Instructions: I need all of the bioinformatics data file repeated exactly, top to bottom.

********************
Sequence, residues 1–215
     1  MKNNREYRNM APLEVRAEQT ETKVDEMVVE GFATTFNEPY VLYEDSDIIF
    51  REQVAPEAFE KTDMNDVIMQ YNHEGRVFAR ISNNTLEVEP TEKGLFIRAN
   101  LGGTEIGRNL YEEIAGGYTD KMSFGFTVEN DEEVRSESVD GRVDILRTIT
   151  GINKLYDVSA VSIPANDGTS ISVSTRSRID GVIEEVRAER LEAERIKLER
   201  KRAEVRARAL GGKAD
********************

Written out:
Sequence, residues 1–215
     1  MKNNREYRNM APLEVRAEQT ETKVDEMVVE GFATTFNEPY VLYEDSDIIF
    51  REQVAPEAFE KTDMNDVIMQ YNHEGRVFAR ISNNTLEVEP TEKGLFIRAN
   101  LGGTEIGRNL YEEIAGGYTD KMSFGFTVEN DEEVRSESVD GRVDILRTIT
   151  GINKLYDVSA VSIPANDGTS ISVSTRSRID GVIEEVRAER LEAERIKLER
   201  KRAEVRARAL GGKAD